Saved in hope: “If God is for us…”

Posted Jan 4, 2022

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Daily Scripture

Romans 8:14-25, 31-32

14 All who are led by God’s Spirit are God’s sons and daughters. 15 You didn’t receive a spirit of slavery to lead you back again into fear, but you received a Spirit that shows you are adopted as his children. With this Spirit, we cry, “Abba, Father.” 16 The same Spirit agrees with our spirit, that we are God’s children. 17 But if we are children, we are also heirs. We are God’s heirs and fellow heirs with Christ, if we really suffer with him so that we can also be glorified with him.

18 I believe that the present suffering is nothing compared to the coming glory that is going to be revealed to us. 19 The whole creation waits breathless with anticipation for the revelation of God’s sons and daughters. 20 Creation was subjected to frustration, not by its own choice—it was the choice of the one who subjected it—but in the hope 21 that the creation itself will be set free from slavery to decay and brought into the glorious freedom of God’s children. 22 We know that the whole creation is groaning together and suffering labor pains up until now. 23 And it’s not only the creation. We ourselves who have the Spirit as the first crop of the harvest also groan inside as we wait to be adopted and for our bodies to be set free. 24 We were saved in hope. If we see what we hope for, that isn’t hope. Who hopes for what they already see? 25 But if we hope for what we don’t see, we wait for it with patience.

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31 So what are we going to say about these things? If God is for us, who is against us? 32 He didn’t spare his own Son but gave him up for us all. Won’t he also freely give us all things with him?

Reflection Questions

The apostle Paul tirelessly preached Jesus, even as the Roman Empire (and many Hebrew religious leaders) fought him, imprisoned him at times, and finally executed him. Paul’s foes often seemed impossibly strong. The great apostle felt human emotions, but refused to let fear govern his life or determine what he would do. That was not just human resolve. In his letter to Christians in Rome, he stated his guiding conviction clearly: “If God is for us, who is against us?”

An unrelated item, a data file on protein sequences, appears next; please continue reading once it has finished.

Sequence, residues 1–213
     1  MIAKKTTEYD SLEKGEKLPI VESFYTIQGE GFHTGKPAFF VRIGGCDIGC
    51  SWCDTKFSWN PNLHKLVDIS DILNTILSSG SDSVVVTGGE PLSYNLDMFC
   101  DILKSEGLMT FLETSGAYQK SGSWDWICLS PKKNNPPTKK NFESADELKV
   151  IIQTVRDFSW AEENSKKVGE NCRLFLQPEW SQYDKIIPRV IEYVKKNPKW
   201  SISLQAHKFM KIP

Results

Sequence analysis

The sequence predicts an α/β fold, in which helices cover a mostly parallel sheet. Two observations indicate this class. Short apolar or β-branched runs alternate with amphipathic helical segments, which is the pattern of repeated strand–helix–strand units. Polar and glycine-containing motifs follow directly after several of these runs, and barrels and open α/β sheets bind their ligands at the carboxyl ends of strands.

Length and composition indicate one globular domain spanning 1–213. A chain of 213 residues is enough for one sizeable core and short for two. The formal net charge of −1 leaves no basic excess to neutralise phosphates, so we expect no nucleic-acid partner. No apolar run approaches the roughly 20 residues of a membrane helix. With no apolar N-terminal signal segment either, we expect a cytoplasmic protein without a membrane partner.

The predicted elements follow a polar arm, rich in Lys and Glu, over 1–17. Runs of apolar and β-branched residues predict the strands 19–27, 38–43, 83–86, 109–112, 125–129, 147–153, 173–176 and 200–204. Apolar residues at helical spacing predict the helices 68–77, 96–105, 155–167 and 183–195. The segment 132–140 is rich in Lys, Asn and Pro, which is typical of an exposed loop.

• Paul, trained as a rabbi (cf. Acts 22:3), drew heavily on his knowledge of the Hebrew Scriptures. He said the Holy Spirit teaches us to call God abba, the Aramaic word little children often used with their fathers (likely drawn from Psalm 68:5-6, and which Jesus used—cf. Mark 14:36). Did you have a warm, trusting bond with your father, or was your experience of a human father more hurtful and fear-filled? How does the invitation to relate to God as abba speak to your heart?
  • Paul also contrasted a fear-filled spirit of slavery with the image that God adopts us as God’s own children, fully included in God’s loving family. What role, if any, has fear played in your spiritual life? Have you ever had times where you sought desperately to please God by “trying harder”? How can it change the way you serve God this year to let Paul’s words soak deeply into your spirit: “If God is for us, who is against us?”

Prayer

Dear God, teach me how to trust your steadfast love more completely. In my relationships with others and with you, guide me to live free from fear because I know that you are “for” me. Amen.

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Randy Greene

Randy Greene

Randy Greene is a part of the Resurrection Experience team at the church and helps shape all of our online tools for connection. He is also a graduate of Central Seminary in Shawnee and loves to write stories about faithfulness.

What is the source of our trust in God? What is it that allows us to lay aside our fear and rely on God?

Is it God’s might, the image of God as a fearsome warrior ready to vanquish our foes? Is it God’s wealth, the owner of the cattle on a thousand hills who gives us our daily bread? Is it God’s knowledge, the all-knowing presence who sees our past and our future? Do those things compel us to abandon fear, to rest in God’s embrace?

I think all of those things can bring us some sense of peace, but there is something greater that Paul, the author of today’s Scripture, is drawing our attention toward: God’s love. Paul describes God as our loving father, as one who cares for us so deeply as to give up Jesus, God’s son, for our sake. Paul describes God as one who feels our pain, who sets us free, who gives us hope.

What good would it be to have a warrior without love? What good would it be to have wealth without compassion? What good would it be to have knowledge without empathy? I find that my most life-giving trust in God is birthed out of the belief that God is love, that God fulfills the definition of love beyond what any of the rest of us can embody, that God has perfected love. It is there that I find the greatest peace and rest.

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